News Articles Featured | Forbes | July 18, 2011
HELENA, Mont. — A newly discovered oil spill in northwestern Montana went unreported for a month before a neighboring landowner complained to the Blackfeet Indian Tribe, federal regulators said Monday.
FX Drilling Co. never reported the spill, estimated to be between 420 and 840 gallons, to the tribe or to the Environmental Protection Agency, EPA spokesman Joe Vranka said.
The amount spilled at the FX Drilling Co. oil field in a remote corner of the Blackfeet Indian Reservation appears to be much less than the estimated 42,000 gallons that emptied into the Yellowstone River earlier this month. But the northwestern Montana spill comes at a time when all pipeline and oil operations in the state are under scrutiny as a result of the larger Exxon Mobil Corp. ( XOM – news – people ) pipeline break.
The company discovered the break in the flow line between two oil wells on June 12 and shut down the line, Vranka said. Company officials may have believed the spill didn’t go beyond the oil field, he said, when oil had actually flowed down a ravine nearly a mile to the Cut Bank Creek, which connects with the Marias River.
A neighboring landowner notified the Blackfeet tribe last Tuesday, and the tribe in turn notified the EPA. Officials from the federal agency made the first contact with FX Drilling by calling the company, Vranka said.
The company had 24 hours to report a spill once it reached the waterway, Vranka said. The federal agency is looking into possible penalties against the independent oil and gas producer.
“They need to report these things in a more timely fashion,” Vranka said. “The only explanation that we’ve gotten is that they had it shut down and followed (the spill) a little ways.”
Andy Pierce, vice president of FX Energy Inc. ( FXEN – news – people ), the Salt Lake-based parent company of FX Drilling contradicted the EPA’s account, telling told The Associated Press that the line had been leaking for 10 to 14 days before the landowner reported it last week.
“It’s unlikely that it happened more than a couple of weeks ago,” Pierce said.
Pierce estimated that between 10 to 15 barrels of crude, or 420 to 630 gallons, leaked from the broken line as a result of the earth shifting during flooding in the area.
“You get flow line leaks from time to time, but they generally get spotted right away,” Pierce said. “The reason this went on as long as it did is because the surface is tough to get around on right now.”
Pierce said he doesn’t believe oil contaminated the creek, though the head of the cleanup crew said that an unknown amount of crude escaped to the water.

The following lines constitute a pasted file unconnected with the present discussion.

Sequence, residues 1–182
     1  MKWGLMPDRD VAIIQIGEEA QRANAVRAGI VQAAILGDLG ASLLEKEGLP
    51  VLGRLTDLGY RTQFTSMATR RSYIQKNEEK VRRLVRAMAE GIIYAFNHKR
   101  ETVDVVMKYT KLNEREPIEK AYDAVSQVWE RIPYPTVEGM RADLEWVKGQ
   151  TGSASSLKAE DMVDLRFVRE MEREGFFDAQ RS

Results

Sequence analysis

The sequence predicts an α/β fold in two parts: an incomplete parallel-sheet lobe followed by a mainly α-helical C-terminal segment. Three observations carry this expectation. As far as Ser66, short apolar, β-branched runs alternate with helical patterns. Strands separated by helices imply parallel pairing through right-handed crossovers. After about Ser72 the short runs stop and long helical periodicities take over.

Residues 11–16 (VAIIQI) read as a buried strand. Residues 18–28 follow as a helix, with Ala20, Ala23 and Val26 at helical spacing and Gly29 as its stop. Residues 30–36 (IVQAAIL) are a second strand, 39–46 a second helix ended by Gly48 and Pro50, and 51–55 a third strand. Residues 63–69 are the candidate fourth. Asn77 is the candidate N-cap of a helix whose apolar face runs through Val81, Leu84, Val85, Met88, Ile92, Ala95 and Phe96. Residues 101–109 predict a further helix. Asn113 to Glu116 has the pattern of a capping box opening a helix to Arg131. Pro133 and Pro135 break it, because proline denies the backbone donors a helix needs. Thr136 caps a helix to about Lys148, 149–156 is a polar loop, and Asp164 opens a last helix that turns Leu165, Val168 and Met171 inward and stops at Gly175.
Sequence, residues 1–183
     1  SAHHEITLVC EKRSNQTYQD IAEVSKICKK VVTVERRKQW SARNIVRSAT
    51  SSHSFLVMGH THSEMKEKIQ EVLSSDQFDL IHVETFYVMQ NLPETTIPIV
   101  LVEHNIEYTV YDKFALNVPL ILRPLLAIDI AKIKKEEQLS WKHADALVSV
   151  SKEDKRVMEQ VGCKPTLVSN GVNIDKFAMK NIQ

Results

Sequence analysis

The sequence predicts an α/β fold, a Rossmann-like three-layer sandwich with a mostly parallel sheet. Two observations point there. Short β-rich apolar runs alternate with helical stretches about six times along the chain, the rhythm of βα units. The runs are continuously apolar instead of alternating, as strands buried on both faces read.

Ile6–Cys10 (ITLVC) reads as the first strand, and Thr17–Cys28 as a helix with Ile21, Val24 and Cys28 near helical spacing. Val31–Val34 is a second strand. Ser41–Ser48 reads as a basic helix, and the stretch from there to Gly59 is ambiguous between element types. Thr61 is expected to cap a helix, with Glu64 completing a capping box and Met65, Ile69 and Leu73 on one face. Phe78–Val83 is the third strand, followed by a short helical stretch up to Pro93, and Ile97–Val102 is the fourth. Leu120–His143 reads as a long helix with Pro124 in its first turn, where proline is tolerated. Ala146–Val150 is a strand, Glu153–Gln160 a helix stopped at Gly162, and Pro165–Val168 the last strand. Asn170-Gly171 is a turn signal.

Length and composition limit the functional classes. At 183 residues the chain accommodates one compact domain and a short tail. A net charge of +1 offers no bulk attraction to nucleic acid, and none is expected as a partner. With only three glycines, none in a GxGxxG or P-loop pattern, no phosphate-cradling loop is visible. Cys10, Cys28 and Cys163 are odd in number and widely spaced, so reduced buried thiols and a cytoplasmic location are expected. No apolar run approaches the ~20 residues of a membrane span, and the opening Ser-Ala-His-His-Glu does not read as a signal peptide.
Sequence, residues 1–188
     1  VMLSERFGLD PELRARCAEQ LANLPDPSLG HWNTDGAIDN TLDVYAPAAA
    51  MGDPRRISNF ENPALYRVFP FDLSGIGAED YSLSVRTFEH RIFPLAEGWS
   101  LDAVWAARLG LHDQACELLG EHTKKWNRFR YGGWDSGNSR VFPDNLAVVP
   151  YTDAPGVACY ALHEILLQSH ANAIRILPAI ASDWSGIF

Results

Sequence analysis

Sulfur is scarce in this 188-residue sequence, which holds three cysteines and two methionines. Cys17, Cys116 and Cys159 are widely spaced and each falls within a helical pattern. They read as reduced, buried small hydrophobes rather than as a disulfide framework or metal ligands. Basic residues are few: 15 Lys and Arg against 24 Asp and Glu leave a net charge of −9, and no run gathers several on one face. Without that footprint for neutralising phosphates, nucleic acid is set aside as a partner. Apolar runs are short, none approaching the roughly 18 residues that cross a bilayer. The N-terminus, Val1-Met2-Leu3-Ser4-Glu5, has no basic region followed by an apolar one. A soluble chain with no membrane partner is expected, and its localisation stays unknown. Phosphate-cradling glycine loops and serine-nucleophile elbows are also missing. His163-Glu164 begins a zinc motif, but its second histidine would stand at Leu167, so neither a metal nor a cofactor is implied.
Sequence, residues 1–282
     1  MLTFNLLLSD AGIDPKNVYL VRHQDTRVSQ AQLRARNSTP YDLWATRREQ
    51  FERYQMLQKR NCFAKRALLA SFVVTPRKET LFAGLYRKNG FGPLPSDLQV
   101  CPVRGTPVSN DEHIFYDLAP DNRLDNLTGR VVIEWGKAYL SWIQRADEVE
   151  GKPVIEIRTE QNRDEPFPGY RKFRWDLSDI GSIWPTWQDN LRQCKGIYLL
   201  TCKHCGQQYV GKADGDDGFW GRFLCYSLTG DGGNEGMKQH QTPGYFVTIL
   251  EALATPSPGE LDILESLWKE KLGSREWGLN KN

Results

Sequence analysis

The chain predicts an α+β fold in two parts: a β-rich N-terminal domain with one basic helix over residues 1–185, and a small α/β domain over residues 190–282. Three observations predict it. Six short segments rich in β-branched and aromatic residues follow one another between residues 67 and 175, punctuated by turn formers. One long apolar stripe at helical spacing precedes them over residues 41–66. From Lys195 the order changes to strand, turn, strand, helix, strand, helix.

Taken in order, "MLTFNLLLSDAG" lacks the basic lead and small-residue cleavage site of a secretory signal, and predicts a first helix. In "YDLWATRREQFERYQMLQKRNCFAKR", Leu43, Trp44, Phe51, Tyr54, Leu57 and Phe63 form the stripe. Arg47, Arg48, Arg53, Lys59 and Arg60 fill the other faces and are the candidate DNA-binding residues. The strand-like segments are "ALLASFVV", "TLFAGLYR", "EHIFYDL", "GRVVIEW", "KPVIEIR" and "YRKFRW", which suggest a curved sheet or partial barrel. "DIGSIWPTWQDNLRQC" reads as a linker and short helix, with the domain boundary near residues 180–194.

Gabe Renville, the senior environmental scientist for Indian Country Environmental Associates, said whatever oil made it to Cut Bank Creek has washed away and there are no visible signs of the spill on the shoreline. He also put the amount spilled at between, 15 and 20 barrels, or up to 840 gallons, a bit higher than the company’s estimates.
A 4-foot berm was built where the coulee meets the Cut Bank Creek and a 50-foot boom skirt with liner has been looped around the area to prevent any further contamination, his agency said. Oil has coated the soil and vegetation in and around the ravine, and there are 11 standing pools of water slicked with oil.
The ravine is steep and treacherous, with rattlesnakes and scorpions hiding under rocks. The dozen workers are unable to get any heavy equipment into the area to carry the oil out, meaning the excavating and transport has to be done by hand and all-terrain vehicles, Renville said.
“When you first look, you wonder how you’re going to get it out of the coulee,” Renville said. “One thing’s for certain, we’ll get it out.”
There has been no public notice of the leak since it was reported on July 12. A response plan by Renville’s organization said a meeting between the tribe, the EPA and the federal Bureau of Land Management was held the next day. The state of Montana was not notified until Friday, according to the state Department of Environmental Quality.
Because the spill happened on tribal land, the state has no jurisdiction, DEQ spokeswoman Lisa Peterson said.
Most of FX Energy’s operations are concentrated on natural gas exploration and production in Poland, but the company says on its website that 94 percent of its oil production comes from the 10,000-acre Cut Bank field.
Some 350 miles away in south-central Montana, workers removed about 100 barrels of oil from the broken Exxon Mobil pipeline in the Yellowstone River and EPA officials say they believe the pipe no longer poses a threat to releasing any more oil.
Vranka, who normally supervises the EPA’s Superfund programs said the two spills are already proving to be a strain on the agency’s resources.
“Our (on-scene coordinators) are getting stretched pretty thin,” Vranka said. “Our primary interest is getting it under control and then we’ll follow up with a mop-up and then enforcement options later.”
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